OTTAWA – Experts came from as far away as France, the United Kingdom and even New Zealand. Politicians from both the NDP and Liberals were there, as well as academics and policy-makers from across Canada. But Leona Aglukkaq, Canada’s Federal Minister of Health, couldn’t travel the few blocks from Parliament Hill to Ottawa’s National Hotel to participate in a national forum on pharmaceutical policy.
She might have been excused had her schedule not allowed her to come, but her letter to organizer Michael McBane stated “the subject matter of this conference has to do with health care delivery, which is a provincial and territorial responsibility.”
The question is, why is Aglukkaq so blatantly misrepresenting the Federal government’s responsibilities around both health care and pharmaceutical policy?
As we pointed out yesterday, the Federal government is the fifth largest direct provider of health care in Canada. They have a constitutional responsibility for health care to both First Nations and Inuit communities. They also have a responsibility to provide health care to specific groups within society, including veterans, refugees claimants, federal inmates, the Canadian Forces and the RCMP.
Forgetting even all of this, the Federal government also has a very specific role around pharmaceuticals, including approval and labeling of new prescription drugs as well as patent rights. They also regulate prices.
There is a sign here on Wellington Street that tells visitors the distance to both war and civilization, a reference to the two major museums. War is closer. Had the conference been about the war on drugs, rather than how to make civilization with a national Pharmacare program, the Feds might have actually been here. While the Federal Minister shows no interest in the savings that could be reaped from a national drug plan, the Federal government has been active in sending support to Mexico to fight the war on drugs.
This is not the first major conference on Pharmacare Aglukkaq has absented herself from. Representatives from industry, patient groups, labour, and even the Conservative-friendly National Citizen’s Coalition were in Vancouver earlier this year to discuss how we could better coordinate a national strategy to provide universal coverage to Canadians for prescription drugs.
Guess she had something else to do that week too.
For a government that claims to be cash-strapped and is cutting jobs in the Federal sector, you would have thought Aglukkaq would have found, for example, Jeff Connell’s presentation of interest. Connell represents the Canadian Generic Pharmaceutical Association. Connell argues that we have 14 different drug formularies in Canada, each with their own process of approval. While BC is considered the gold standard for rapid adoption of appropriate generic drugs on to their formulary after approval by Health Canada, many other provinces are slow to do so, costing taxpayers millions in higher costs. He presented the example of Crestor, a statin used to manage cholesterol. When Crestor was approved as a generic, BC adopted it into their provincial formulary about two weeks later. Ontario took 57 days to do so, costing that province $24 million more to use the higher cost brand name version. In all, the nine provinces spent $44 million more than they needed to through delays in the process to adopt the generic into their provincial formularies.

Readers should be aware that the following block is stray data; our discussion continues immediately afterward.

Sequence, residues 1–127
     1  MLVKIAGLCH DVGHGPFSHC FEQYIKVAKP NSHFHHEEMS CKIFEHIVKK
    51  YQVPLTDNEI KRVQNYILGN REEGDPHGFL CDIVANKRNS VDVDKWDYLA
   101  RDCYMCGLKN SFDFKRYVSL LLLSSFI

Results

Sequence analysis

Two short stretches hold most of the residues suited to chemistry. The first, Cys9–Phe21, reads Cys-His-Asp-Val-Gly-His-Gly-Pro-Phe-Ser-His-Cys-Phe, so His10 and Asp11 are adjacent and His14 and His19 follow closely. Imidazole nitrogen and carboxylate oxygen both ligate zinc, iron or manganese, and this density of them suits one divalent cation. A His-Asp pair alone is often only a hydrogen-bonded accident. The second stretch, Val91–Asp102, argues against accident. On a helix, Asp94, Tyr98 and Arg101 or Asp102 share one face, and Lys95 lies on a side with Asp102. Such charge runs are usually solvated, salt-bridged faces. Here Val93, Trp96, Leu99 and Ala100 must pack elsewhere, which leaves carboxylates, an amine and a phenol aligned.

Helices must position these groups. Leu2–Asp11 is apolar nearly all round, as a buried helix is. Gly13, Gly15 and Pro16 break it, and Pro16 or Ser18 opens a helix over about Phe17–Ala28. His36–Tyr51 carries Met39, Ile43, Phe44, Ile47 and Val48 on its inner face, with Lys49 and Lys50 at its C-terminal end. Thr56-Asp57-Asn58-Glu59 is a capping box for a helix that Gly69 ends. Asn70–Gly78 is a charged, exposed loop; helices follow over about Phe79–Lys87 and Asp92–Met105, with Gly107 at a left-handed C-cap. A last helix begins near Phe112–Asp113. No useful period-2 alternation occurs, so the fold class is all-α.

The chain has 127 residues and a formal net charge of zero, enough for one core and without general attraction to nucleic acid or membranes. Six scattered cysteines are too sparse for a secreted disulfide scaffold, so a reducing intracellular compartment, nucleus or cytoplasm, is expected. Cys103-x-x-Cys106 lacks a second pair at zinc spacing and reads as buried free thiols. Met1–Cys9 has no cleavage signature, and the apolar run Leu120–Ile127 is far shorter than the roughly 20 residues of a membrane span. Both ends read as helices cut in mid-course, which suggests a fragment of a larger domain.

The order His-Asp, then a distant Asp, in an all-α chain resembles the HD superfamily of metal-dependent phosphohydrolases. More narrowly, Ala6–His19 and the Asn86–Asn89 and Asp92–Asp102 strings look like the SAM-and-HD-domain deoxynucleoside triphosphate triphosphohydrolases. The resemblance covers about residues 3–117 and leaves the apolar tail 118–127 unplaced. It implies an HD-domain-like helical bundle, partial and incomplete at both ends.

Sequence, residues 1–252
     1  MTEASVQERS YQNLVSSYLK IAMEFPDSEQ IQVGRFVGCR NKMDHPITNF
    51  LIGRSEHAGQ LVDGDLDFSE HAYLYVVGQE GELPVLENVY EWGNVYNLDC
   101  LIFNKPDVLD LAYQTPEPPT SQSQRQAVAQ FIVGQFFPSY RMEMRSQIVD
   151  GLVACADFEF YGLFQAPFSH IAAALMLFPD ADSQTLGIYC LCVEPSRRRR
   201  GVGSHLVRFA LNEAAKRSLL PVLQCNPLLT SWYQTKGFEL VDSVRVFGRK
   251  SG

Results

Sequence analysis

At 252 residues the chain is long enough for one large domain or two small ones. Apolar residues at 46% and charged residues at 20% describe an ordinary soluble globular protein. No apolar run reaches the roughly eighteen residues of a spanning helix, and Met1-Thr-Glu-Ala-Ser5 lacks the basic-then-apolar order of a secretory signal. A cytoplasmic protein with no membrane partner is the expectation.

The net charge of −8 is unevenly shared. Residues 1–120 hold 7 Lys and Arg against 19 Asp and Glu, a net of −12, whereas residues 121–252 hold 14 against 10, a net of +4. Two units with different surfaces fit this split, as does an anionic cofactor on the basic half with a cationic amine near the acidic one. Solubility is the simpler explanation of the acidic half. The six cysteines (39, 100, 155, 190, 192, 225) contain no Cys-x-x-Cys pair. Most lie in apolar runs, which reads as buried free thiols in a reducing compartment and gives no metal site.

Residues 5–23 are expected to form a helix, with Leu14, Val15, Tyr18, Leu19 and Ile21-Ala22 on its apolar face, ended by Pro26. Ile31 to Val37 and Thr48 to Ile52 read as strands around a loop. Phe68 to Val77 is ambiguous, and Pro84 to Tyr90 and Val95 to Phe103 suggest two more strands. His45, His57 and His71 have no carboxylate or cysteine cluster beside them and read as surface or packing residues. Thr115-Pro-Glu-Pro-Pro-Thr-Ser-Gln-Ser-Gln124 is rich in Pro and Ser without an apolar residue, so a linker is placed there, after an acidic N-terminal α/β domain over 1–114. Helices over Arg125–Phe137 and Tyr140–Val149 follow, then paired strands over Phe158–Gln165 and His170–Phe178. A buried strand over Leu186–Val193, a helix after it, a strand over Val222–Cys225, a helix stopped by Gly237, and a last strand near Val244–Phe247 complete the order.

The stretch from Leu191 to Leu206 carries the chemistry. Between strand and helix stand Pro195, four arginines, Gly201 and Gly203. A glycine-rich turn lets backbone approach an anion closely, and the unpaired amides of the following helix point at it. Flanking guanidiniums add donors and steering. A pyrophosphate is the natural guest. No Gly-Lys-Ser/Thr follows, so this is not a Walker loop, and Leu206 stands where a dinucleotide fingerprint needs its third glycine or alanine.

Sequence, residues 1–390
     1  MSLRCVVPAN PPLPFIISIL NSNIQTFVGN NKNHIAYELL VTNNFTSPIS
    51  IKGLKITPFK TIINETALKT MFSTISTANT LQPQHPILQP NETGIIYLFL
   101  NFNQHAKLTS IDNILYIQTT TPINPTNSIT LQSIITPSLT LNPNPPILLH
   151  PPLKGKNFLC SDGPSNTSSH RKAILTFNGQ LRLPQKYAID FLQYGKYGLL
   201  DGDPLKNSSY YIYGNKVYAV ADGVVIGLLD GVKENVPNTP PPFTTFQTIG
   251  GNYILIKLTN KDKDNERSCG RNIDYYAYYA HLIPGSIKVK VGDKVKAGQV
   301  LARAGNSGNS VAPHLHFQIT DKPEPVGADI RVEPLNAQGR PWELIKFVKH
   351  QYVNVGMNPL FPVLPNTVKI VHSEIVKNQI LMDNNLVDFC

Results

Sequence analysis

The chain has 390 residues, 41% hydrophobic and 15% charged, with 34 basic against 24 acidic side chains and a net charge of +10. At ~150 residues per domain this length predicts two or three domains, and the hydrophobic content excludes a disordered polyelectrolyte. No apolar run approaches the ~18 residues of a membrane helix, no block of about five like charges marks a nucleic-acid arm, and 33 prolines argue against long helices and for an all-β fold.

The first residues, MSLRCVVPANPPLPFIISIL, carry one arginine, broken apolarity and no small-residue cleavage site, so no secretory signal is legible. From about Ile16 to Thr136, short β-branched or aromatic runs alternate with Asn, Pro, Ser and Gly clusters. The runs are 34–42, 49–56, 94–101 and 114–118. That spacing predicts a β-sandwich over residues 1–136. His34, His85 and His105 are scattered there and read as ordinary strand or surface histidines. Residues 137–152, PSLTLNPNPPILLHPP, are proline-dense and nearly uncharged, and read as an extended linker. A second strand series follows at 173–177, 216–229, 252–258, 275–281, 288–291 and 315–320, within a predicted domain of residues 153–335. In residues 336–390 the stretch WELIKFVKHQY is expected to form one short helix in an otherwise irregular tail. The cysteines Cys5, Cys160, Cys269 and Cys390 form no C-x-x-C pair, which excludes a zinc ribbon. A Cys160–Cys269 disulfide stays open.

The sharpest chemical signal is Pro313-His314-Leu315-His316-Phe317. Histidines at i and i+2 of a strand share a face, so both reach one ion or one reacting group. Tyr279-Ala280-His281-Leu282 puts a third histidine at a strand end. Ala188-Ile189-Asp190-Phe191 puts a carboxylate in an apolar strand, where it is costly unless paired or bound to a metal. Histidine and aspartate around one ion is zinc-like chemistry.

To put that in perspective, The Scarborough Hospital is presently cutting needed health services to get rid of a $16 million operating deficit. Yet the province’s slow approval process cost $24 million in what another presenter had referred to as “lost opportunity.”
She might have also heard from New Zealand’s Matthew Brougham who described how his country has achieved the lowest drug costs on the planet through a universal capped Pharmacare program. That includes paying much lower prices than Canada for prescription drugs from Apotex – a Canadian company.
While admitting New Zealand’s system had some drawbacks, including slow adoption of expensive new drugs, Brougham said New Zealand would rather adopt a system that would give everyone a “Ford” as opposed to some a “Rolls Royce System,” others a “Ford,” and some with no access to prescription drugs.
Walter Robinson, a former Conservative candidate representing the brand name pharmaceutical companies, made the astute remark “if you are not at the table, somebody is having you for dinner.”
Aglukkaq was definitely had for dinner.
Kathleen Connors, the former Chair of the Canadian Health Coalition, rose to the microphone and expressed her anger at the willful absence of the Federal Health Minister.
Noting Canada’s outlier position as being one of the last industrialized countries to adopt a national drug plan, Connors asked “how do we get the Feds to the table when we are so far behind our brothers and sisters in the developed world?”
Aglukkaq may also take note the excessively high health care costs paid by the U.S. and the similar inefficient U.S. style pharmaceutical system we have in Canada. When it comes to prescription drugs, Canada has some public coverage, some private coverage, and many citizens with no coverage. It is estimated that about one in ten Canadians do not follow their doctor’s prescription because of cost.
Dr. Joel Lexchin, a professor in York University’s School of Health Policy and Management, noted the current Federal government is missing in action and is likely to remain in action until they are thrown out.
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